Liza Anne’s New Album “Fine But Dying” Sets Standard for Mental Illness Dialogue

Liza Anne’s “Fine But Dying” album dropped into existence last week to my excitement. Over the past few months, she has released several singles to tease her fans with, “Paranoia, “Closest to Me” and “I’m Tired, You’re Lonely.”

These singles gave listeners a small taste of what her album would bring, specifically an open dialogue about the ups and downs of mental illness. Liza, herself, has experience with mental health being diagnosed with depression and panic disorder. All of her songs come from the heart and experience, and her songs reflect this. There is a tenseness in the sound as she confronts the stigmatized topic of mental health and herself. Guitar solos riddle the entire album that give a strength to her softer voice, along with one guitar solo gradually increasing speed to give even more impact on the tense feeling.

The first single off the album, “Paranoia,” actually relates to her feelings of anxiety and doubt in a relationship and how it won’t go away. She sings that the person she is in a relationship with second guesses their decision to be with her, “I’m scared you’re not mine and you want out.” These feelings might not have any foundation, but she still feels it anyway.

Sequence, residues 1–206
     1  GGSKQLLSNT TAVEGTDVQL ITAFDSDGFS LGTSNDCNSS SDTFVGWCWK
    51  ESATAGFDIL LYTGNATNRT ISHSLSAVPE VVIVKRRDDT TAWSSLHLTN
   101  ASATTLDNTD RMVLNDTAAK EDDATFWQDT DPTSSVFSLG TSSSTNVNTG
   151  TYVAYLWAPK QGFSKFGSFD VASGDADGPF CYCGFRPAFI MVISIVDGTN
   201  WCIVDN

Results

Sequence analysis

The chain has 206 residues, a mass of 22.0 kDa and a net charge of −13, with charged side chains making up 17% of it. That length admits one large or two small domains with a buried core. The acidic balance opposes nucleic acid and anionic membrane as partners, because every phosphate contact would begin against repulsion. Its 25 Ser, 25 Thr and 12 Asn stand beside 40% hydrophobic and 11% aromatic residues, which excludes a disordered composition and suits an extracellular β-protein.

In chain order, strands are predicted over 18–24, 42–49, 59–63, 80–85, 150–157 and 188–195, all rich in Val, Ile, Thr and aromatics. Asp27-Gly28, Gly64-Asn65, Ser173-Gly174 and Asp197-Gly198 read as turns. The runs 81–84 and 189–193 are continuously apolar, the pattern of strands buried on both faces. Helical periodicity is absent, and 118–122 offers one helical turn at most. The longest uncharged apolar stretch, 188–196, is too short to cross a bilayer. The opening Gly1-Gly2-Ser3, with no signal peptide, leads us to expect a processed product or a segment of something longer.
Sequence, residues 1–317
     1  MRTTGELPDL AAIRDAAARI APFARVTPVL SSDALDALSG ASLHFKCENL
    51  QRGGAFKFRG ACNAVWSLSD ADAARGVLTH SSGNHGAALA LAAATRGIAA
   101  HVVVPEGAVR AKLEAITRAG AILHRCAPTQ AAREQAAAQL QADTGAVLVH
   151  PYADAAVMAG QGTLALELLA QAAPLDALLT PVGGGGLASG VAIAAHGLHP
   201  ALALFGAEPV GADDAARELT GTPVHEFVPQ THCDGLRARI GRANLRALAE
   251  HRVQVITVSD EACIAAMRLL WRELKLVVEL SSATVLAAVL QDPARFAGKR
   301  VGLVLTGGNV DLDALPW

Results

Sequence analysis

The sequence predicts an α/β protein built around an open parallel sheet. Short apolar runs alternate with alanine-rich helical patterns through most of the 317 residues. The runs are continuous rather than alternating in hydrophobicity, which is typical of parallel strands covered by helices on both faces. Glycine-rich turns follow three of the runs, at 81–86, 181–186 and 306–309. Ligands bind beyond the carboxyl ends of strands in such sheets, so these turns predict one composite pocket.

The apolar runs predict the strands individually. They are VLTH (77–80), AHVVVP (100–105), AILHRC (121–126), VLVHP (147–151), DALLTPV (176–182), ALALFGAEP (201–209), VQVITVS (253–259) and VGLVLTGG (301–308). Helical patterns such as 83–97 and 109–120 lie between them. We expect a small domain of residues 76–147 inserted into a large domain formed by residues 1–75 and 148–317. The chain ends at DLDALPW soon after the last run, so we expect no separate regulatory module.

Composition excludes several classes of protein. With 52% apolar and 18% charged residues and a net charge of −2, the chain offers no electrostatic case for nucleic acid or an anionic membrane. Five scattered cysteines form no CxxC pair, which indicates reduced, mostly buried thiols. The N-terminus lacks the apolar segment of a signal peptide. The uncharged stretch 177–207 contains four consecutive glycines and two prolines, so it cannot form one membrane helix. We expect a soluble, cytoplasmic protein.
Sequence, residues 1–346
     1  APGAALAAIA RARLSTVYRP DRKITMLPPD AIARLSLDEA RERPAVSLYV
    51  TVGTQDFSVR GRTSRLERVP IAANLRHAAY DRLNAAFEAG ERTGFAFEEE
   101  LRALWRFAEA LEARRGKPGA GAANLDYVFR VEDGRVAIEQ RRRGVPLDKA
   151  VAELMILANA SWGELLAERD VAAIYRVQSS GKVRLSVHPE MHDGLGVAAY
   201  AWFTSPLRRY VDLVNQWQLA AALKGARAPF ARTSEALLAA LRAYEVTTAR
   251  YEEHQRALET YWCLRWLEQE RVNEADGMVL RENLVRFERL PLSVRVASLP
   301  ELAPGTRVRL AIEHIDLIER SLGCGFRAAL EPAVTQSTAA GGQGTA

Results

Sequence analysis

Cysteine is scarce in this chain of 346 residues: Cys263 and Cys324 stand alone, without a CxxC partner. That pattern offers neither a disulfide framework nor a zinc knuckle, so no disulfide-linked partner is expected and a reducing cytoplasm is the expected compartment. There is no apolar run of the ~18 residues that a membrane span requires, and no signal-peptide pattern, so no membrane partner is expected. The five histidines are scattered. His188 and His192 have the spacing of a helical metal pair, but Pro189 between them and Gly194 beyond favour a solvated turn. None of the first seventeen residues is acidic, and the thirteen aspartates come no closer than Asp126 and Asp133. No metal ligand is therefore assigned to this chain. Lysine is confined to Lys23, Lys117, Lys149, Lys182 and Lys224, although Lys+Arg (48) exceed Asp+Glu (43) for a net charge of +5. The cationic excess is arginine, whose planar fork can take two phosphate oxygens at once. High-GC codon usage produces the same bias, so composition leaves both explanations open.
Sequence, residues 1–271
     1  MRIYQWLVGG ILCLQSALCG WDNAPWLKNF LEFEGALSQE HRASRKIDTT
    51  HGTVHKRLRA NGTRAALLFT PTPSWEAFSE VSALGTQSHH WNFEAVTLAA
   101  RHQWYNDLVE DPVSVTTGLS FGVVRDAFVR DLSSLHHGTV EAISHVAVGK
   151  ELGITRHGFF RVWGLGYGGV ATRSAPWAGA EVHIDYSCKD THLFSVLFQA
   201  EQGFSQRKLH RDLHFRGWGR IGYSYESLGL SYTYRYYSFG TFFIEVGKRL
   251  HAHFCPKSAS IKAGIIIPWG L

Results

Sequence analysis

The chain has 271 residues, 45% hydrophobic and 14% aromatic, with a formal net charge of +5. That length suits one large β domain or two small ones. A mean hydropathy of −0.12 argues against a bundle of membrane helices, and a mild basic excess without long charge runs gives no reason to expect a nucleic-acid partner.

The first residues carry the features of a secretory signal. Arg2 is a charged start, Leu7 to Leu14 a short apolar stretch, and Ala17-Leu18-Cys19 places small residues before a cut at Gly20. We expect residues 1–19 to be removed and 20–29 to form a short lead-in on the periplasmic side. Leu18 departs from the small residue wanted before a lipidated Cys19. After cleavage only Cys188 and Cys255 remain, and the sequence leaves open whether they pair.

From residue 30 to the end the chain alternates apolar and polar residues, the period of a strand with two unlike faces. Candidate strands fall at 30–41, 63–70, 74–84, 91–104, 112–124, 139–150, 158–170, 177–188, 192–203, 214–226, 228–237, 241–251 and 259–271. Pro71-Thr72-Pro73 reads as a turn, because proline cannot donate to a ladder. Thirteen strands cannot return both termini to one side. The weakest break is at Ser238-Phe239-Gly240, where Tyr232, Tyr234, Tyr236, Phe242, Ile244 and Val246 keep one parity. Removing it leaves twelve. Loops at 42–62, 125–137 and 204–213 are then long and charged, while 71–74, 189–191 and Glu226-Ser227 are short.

“Closest to Me,” the second single, talks about the walls people build to protect themselves in close relationships. She sings about how immediate reactions can hurt others as well. She doesn’t think before she speaks, which hurts those she knows very well, “I speak before I know what I mean.”

One of my favorites off the album is “Panic Attack.” Liza Anne connects the song immediately with her panic disorder and what it happens to her during a panic attack. Those who have panic disorder or have experienced panic attacks can connect to this song on different level. Panic attacks can sometimes feel as if you can’t breathe nor speak. Liza sings about this, “My words disappear to a dry tongue.” This song gives chills to those it speaks to on a deep level.

I’ve never listened to an album so open and honest about what it’s like living with a mental illness. “Fine But Dying” truly opens up a dialogue for those who experience mental illnesses and those who do not understand what it’s like.

There are other songs on the album about romance and the feelings of being completely open and in love with another human. Overall, the album is a cohesive and amazing experience with deep human connection.

Liza Anne is going on tour to support her newest album that includes a stop in St. Louis Sunday, April 8th. We are giving away two free tickets to one person on our Facebook. Go like our Facebook page and comment on this post to enter to win
The winner will be chosen March 24.

Check out her website here and her Facebook here

By Lauren Leady